Re: Time Periods for Different Truck Types


Dennis Storzek <destorzek@...>
 

--- In STMFC@..., "Tony Higgins" <earthman92853@...> wrote:

...What is
a spring plank and what was it's purpose? From your response below,
it seems somehow related to bolster/sideframe alignment and lateral
stability? I can understand why this was a concern but how did spring
planks address it? Can you please elaborate?

Thanks,
Tony Higgins
The spring plank is/was a channel section that runs between the bottom
of the side frames, each end located directly under the spring seats.
These were sometimes made from structural channel, sometimes from a
steel pressing, and were originally a wooden plank, thus the name.

In the old time swing motion trucks this plank actually hung free of
the truck frame and held the springs the bolster was supported by.
When swing motion freightcar trucks fell out of favor (too much
complexity, too many wear points) the spring plank was retained with
so called rigid frame trucks, which is what almost all cast sideframe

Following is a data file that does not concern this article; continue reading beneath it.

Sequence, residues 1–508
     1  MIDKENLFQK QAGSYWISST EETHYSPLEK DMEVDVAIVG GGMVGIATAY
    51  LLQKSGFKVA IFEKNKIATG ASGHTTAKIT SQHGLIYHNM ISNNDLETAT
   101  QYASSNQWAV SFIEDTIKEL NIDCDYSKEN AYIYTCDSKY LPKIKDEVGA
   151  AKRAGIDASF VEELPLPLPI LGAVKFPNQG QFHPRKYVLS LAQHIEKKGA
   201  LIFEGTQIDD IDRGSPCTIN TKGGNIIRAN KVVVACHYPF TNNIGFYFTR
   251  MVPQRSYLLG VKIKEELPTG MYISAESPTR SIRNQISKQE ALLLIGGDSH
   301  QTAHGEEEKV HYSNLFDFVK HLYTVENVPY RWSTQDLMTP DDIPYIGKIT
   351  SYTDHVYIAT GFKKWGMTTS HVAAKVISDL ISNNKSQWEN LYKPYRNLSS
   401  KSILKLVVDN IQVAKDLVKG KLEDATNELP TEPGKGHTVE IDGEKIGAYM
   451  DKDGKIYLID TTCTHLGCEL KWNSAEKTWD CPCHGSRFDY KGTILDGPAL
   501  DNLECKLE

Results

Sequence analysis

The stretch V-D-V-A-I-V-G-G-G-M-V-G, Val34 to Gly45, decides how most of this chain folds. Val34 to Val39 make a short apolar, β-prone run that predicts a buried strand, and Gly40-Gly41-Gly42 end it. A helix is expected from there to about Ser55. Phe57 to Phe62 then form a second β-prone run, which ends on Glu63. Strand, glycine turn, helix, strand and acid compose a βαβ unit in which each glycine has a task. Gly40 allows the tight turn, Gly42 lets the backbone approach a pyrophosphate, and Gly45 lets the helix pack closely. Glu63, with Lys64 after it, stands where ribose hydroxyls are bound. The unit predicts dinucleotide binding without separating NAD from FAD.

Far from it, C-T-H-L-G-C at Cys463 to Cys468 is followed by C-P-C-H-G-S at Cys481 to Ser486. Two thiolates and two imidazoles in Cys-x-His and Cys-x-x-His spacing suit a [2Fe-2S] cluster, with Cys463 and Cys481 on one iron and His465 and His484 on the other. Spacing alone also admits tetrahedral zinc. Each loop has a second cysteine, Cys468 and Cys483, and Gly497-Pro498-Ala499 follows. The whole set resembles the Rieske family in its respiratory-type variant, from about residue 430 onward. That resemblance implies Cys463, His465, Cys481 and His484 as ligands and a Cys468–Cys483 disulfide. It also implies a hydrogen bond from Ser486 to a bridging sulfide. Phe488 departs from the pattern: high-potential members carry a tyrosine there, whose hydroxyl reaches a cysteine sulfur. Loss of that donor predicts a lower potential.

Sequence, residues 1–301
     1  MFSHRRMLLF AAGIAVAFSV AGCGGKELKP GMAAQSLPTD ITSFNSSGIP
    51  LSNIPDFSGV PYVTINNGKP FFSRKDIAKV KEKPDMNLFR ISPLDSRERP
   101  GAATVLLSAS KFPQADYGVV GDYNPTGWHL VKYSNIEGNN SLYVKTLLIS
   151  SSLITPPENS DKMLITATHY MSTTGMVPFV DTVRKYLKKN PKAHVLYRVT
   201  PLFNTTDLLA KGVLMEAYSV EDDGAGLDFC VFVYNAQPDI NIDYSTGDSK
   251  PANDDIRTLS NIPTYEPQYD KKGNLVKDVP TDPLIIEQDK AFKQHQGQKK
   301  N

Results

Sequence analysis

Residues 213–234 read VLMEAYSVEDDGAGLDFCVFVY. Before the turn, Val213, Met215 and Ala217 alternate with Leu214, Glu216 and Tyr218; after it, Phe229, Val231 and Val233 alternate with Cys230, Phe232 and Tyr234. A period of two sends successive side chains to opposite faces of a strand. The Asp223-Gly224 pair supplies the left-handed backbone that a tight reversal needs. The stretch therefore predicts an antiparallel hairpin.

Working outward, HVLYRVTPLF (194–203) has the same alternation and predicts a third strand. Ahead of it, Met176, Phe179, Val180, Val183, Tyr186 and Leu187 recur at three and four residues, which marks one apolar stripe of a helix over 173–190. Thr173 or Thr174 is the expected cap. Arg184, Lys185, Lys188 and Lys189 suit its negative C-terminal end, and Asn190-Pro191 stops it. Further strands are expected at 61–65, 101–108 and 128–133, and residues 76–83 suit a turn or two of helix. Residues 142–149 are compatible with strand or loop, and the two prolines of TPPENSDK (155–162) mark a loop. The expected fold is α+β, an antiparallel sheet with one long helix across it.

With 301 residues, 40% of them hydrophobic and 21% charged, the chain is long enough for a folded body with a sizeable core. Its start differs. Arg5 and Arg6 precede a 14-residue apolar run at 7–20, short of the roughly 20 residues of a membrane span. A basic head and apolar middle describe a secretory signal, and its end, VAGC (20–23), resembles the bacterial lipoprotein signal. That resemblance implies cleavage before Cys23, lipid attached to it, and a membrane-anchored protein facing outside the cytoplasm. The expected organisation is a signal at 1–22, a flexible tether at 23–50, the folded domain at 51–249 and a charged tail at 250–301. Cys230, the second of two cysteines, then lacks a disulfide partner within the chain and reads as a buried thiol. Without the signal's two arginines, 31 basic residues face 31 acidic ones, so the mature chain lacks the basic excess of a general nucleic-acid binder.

freight trucks are. The purpose for retaining the spring plank was to
keep the bottoms of the sideframes in line. However, improvements to
the form and fit of the gibs that hold the bolster in the sideframes
made the spring plank unnecessary, and the use was dropped shortly
before WWII again to reduce weight and complexity.

Most one piece model trucks don't attempt to model the spring plank
between the sideframes, due to the complexity it would cause to the
part. Typically, only the ends are modeled where they show under the
springs on the outside of the sideframe; both the Accurail
"Bettendorf" and Andrews trucks have this detail. One could, of
course, fit the spring plank between the sideframes, but then getting
to the truck screw would be problematic.

Dennis

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